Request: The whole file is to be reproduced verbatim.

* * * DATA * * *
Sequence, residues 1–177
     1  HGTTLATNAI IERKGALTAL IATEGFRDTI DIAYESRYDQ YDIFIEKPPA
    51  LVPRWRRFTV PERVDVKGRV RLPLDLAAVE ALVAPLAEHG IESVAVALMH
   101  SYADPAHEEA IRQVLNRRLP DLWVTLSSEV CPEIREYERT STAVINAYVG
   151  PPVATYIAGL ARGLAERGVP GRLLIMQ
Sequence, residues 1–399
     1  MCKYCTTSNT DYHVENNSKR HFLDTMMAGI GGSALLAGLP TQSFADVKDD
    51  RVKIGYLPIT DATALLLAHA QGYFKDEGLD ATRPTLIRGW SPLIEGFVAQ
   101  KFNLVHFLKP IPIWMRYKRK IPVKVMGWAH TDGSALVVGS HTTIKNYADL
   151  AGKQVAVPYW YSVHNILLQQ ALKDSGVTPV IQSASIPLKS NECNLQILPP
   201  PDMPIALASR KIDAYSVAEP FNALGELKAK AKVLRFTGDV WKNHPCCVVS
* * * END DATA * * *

Sequence, residues 1–177
     1  HGTTLATNAI IERKGALTAL IATEGFRDTI DIAYESRYDQ YDIFIEKPPA
    51  LVPRWRRFTV PERVDVKGRV RLPLDLAAVE ALVAPLAEHG IESVAVALMH
   101  SYADPAHEEA IRQVLNRRLP DLWVTLSSEV CPEIREYERT STAVINAYVG
   151  PPVATYIAGL ARGLAERGVP GRLLIMQ
Sequence, residues 1–399
     1  MCKYCTTSNT DYHVENNSKR HFLDTMMAGI GGSALLAGLP TQSFADVKDD
    51  RVKIGYLPIT DATALLLAHA QGYFKDEGLD ATRPTLIRGW SPLIEGFVAQ
   101  KFNLVHFLKP IPIWMRYKRK IPVKVMGWAH TDGSALVVGS HTTIKNYADL
   151  AGKQVAVPYW YSVHNILLQQ ALKDSGVTPV IQSASIPLKS NECNLQILPP
   201  PDMPIALASR KIDAYSVAEP FNALGELKAK AKVLRFTGDV WKNHPCCVVS